But in a larger sense we cannot dedicate, we cannot consecrate, we cannot hallow this ground. The brave men, living and dead, who struggled here, have consecrated it far above our poor power to add or detract.
James A. Oakley was a Senior Vice President for Information Technology at Marsh & McLennan at the World Trade Center on September 11, 2001. He was a family man who left behind his wife Denise and four daughters who were by all accounts what he cherished most in his life. His professional colleagues and coworkers all admired him for his dedication, his work ethic, his forthrightness and, most importantly, his kindness.
I never met the man, and it is rather difficult to write a tribute – and such an important one – from the periphery of a life. Yet as I read what little I could find about James, I realized that while there weren’t hundreds and hundreds of tributes to him on the internet, the few there were spoke volumes as to the kind of person he was. Everyone he met, from friends and colleagues he knew and worked with for years, to those lucky enough to have crossed paths for a few days, a few hours, a few minutes, not only remember him fondly and speak kindly of him, but truly appreciated having him in their lives, if only briefly.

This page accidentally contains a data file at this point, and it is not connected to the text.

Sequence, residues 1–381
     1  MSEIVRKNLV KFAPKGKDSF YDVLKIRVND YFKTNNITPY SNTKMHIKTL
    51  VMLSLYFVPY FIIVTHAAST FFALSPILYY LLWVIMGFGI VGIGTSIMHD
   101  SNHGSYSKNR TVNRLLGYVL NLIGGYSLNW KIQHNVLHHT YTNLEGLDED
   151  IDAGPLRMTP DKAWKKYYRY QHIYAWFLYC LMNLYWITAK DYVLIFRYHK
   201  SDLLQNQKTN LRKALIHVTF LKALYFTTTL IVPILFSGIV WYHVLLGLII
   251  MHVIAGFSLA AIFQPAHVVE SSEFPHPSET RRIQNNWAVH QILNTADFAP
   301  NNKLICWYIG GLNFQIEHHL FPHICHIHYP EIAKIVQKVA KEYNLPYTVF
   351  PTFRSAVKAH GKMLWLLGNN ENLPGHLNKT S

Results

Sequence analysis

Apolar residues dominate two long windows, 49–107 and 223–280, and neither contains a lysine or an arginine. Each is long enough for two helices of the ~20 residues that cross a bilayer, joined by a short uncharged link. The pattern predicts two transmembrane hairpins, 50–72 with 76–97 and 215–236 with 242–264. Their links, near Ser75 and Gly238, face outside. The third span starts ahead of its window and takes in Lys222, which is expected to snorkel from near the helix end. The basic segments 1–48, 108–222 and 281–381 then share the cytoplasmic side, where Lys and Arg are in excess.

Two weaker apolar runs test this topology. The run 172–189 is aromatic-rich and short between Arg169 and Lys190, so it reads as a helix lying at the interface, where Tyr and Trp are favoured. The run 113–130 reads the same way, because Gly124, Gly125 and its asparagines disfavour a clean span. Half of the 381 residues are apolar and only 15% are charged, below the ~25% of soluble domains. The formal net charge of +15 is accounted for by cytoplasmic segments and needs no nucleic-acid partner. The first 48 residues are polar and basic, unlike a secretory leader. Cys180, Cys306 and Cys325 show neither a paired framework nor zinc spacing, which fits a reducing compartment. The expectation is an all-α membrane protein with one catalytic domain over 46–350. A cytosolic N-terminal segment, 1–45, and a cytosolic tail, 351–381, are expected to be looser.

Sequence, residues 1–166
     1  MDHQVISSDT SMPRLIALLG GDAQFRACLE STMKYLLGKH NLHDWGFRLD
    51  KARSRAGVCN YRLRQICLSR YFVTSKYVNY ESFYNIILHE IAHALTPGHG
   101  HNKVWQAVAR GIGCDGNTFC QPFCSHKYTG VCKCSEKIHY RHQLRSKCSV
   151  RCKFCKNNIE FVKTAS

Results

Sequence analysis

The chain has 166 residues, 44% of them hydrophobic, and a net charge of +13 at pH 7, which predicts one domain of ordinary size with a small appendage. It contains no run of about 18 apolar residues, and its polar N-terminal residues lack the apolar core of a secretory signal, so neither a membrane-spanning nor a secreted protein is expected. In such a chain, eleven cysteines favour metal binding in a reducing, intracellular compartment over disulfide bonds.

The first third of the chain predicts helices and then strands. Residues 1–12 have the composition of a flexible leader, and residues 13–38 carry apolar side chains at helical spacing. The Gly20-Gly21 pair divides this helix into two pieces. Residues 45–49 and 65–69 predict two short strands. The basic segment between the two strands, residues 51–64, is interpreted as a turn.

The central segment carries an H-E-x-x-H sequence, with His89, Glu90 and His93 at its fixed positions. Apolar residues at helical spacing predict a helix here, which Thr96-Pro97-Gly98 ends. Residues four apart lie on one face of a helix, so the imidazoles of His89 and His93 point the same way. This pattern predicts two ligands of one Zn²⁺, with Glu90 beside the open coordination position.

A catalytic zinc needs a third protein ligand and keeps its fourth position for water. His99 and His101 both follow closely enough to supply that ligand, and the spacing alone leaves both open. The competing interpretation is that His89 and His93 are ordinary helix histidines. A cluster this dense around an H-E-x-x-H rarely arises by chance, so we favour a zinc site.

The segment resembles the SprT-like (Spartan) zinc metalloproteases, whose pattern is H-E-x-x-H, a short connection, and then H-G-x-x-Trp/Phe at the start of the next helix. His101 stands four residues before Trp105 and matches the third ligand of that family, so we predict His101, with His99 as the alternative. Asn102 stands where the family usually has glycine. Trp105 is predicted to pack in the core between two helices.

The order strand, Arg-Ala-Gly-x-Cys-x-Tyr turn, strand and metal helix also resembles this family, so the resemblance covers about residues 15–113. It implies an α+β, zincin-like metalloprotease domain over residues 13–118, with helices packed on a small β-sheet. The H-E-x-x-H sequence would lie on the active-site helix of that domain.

An American history and Civil war aficionado, James Oakley participated in re-enactments at Gettysburg and Ticonderoga with his daughters and by all accounts was a man that appreciated this nation’s narrative. He strove to pass on that love of history and patriotism to his daughters.
I remember James A. Oakley. American patriot, husband, father, friend.
…that we here highly resolve that these dead shall not have died in vain; that this nation shall have a new birth of freedom; and that this government of the people, by the people, for the people, shall not perish from the earth.